Working for wealth management firms, foundations, and other organizations in the securities industry are portfolio managers. They are responsible for the day-to-day management of investment portfolios on behalf of individual or institutional clients. It is typical for a portfolio manager to be responsible for all aspects of an investment portfolio, from creating and managing an overall investment strategy that meets client needs to implementing that strategy by selecting an appropriate mix of securities and investment products and managing that mix on a regular basis.
Investment decisions and strategy formulation are aided by the work of a team of senior financial analysts led by a portfolio manager. Analysts at investment banks and other sell-side firms help a portfolio managers find products that are a good fit with their portfolio. Some portfolio managers, such as those employed by wealth management firms, may be required to meet with individual clients to discuss investment strategy, explain investment decisions, and provide updates on portfolio performance.
Portfolio Manager Career Path
Working as a financial analyst in the securities industry is a common route for portfolio managers to begin their careers. Bachelor’s degree holders are typically eligible for junior analyst positions. For many junior analysts, a master’s degree in business administration (MBA) or other relevant master’s degrees is required before they are promoted to senior analyst positions. A new candidate for a senior analyst position may be immediately qualified with a relevant master’s degree.
Investment reports and recommendations are typically produced by senior financial analysts working under the supervision of a manager of a portfolio. A senior analyst’s primary role is to conduct new research and analysis, as well as to communicate with industry contacts, update their research, and present their findings to management and clients. One or more junior analysts may be under the direction of a senior analyst. A senior financial analyst can advance to the position of portfolio manager by demonstrating strong work ethic and a track record of success. It’s possible for the manager to move up to larger portfolios if the portfolio performs well. In most cases, a senior portfolio management position marks the end of one’s career path, but this is not always the case; some portfolio managers move up the corporate ladder or start their own businesses.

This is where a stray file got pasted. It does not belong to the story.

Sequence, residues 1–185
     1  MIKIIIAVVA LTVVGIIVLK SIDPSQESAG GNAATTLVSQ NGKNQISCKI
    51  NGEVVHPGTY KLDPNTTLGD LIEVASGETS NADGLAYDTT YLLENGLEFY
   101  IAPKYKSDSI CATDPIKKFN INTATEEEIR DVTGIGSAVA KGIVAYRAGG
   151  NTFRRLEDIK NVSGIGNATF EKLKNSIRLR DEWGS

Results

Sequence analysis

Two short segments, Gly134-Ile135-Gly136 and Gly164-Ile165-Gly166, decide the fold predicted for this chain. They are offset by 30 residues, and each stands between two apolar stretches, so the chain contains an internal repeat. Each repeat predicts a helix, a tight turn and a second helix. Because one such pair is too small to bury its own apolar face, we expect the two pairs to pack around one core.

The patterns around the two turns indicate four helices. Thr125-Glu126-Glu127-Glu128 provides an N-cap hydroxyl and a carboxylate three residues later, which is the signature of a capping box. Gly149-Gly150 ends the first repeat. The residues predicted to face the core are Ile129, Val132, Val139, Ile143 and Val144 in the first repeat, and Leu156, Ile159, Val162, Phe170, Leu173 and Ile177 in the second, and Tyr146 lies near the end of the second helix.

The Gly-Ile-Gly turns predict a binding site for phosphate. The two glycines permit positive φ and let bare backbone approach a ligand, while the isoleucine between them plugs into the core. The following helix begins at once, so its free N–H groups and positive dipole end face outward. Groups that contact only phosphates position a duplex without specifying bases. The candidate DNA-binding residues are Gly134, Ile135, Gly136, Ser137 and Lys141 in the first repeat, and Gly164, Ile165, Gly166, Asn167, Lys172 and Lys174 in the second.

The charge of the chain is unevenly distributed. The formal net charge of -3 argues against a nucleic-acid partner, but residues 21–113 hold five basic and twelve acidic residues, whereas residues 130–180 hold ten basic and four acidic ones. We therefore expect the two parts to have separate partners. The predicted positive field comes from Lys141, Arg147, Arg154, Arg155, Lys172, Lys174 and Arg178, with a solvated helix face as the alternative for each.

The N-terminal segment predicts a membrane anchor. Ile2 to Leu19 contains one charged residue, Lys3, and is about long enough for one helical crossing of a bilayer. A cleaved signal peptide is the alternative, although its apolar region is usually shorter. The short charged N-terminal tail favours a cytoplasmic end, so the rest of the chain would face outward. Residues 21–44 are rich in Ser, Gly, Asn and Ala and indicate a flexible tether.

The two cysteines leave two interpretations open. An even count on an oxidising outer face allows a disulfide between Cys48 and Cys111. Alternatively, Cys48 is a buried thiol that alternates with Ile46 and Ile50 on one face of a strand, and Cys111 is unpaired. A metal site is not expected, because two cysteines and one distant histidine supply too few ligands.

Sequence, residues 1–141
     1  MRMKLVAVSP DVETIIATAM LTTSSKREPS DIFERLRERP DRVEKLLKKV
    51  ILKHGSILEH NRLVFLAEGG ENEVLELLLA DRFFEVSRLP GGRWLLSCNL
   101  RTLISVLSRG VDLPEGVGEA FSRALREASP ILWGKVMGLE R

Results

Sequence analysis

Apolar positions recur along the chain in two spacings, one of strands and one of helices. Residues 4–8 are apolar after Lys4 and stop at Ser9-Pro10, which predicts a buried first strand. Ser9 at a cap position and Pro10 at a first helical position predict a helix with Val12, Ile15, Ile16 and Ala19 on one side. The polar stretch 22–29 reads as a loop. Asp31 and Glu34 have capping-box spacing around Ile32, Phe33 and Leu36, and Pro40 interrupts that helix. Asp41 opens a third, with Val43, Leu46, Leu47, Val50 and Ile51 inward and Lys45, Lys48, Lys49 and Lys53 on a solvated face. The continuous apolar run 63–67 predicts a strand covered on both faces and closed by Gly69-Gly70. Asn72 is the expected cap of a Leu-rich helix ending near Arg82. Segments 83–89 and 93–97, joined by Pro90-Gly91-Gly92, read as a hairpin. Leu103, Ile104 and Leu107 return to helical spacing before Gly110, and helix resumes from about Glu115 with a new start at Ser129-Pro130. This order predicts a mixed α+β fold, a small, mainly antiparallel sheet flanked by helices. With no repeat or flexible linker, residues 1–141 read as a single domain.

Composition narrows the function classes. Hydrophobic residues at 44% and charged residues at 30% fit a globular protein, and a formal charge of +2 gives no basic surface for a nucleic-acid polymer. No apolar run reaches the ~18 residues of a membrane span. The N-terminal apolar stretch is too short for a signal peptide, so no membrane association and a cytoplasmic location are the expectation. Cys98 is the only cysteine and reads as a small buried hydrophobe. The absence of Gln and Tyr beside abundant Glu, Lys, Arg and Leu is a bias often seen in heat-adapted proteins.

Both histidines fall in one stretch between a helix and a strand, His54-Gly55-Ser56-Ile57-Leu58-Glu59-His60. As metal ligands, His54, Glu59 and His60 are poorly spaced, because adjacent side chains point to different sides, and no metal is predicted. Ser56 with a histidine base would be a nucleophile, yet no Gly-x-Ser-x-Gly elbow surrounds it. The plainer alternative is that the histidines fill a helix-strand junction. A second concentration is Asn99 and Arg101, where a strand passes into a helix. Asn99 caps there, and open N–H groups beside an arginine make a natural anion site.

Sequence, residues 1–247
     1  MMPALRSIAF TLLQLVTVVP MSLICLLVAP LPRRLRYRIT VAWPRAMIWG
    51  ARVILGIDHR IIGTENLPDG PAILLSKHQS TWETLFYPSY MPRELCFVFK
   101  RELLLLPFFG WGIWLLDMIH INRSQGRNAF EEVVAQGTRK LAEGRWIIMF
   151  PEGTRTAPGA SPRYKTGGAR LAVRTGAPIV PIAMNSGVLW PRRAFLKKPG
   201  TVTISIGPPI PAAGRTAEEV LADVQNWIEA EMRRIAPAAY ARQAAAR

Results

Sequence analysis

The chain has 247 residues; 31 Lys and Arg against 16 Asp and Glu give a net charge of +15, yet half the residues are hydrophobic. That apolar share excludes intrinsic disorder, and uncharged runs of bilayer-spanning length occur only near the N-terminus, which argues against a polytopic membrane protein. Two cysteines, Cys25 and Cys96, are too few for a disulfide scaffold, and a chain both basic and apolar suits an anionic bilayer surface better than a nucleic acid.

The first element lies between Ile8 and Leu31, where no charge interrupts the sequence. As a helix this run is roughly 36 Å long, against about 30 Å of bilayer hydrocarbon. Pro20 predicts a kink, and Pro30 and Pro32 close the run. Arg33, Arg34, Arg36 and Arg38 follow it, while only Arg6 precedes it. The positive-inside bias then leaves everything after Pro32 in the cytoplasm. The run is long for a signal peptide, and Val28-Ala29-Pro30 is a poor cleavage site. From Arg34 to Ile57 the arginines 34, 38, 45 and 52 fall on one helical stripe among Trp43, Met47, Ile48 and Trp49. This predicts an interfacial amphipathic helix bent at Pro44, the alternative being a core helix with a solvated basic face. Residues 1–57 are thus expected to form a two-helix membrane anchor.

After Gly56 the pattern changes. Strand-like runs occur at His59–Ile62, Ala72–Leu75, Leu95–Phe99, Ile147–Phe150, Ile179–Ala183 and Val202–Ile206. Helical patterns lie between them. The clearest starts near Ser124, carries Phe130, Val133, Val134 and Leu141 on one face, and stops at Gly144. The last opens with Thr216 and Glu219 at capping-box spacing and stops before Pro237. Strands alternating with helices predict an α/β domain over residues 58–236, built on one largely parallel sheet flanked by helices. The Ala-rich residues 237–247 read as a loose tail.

Portfolio Manager Educational Qualifications
As a portfolio manager, you must have a bachelor’s degree in a relevant field. Even if master’s degrees aren’t required by every employer, the majority of portfolio managers have them.
Quantitative business disciplines such as accounting, finance, and economics are generally considered good preparation for entry-level positions in this profession. Statistical and analytical skills can also be developed in the fields of mathematics and engineering as well as in the study of physics.
The MBA in finance or another relevant field, such as business administration or economics, is the standard for portfolio managers at the master’s degree level. It is also possible to pursue a master’s degree in finance.
Portfolio managers are frequently expected to be certified financial analysts by their employers. The Chartered Financial Analyst (CFA) designation, awarded by the CFA Institute, is the most well-known and sought-after certification in the field. Any financial analyst with a bachelor’s degree and four years of relevant work experience may apply for this designation. In order to receive this honor, candidates must successfully complete a series of three tests. Certified Financial Planner (CFP) certification, awarded by the CFP Board, may also be an optional qualification for some companies.